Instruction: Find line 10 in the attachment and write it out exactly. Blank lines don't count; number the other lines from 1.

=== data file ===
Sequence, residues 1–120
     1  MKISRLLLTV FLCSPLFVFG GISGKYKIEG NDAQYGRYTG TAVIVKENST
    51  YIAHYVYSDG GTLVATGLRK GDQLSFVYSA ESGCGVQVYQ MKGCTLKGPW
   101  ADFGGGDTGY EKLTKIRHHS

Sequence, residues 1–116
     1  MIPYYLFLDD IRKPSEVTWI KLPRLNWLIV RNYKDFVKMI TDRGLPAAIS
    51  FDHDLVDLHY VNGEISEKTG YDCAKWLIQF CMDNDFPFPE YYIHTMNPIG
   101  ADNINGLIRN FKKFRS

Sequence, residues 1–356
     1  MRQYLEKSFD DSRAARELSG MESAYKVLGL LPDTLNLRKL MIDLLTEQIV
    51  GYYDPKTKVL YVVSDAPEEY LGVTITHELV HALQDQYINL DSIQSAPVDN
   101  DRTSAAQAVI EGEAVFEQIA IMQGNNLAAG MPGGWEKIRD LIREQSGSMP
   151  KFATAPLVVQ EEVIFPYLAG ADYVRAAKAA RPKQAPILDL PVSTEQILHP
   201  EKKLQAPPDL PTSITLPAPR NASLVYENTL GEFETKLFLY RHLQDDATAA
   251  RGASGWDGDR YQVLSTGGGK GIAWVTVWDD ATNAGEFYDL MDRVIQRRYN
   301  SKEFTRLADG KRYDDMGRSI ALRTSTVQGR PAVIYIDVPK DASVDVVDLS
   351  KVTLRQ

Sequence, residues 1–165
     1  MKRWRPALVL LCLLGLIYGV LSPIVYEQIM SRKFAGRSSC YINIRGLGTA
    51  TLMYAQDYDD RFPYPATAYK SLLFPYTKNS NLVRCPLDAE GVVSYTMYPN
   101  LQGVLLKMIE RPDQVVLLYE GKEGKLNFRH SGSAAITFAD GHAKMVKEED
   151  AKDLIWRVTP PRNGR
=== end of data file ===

     1  MRQYLEKSFD DSRAARELSG MESAYKVLGL LPDTLNLRKL MIDLLTEQIV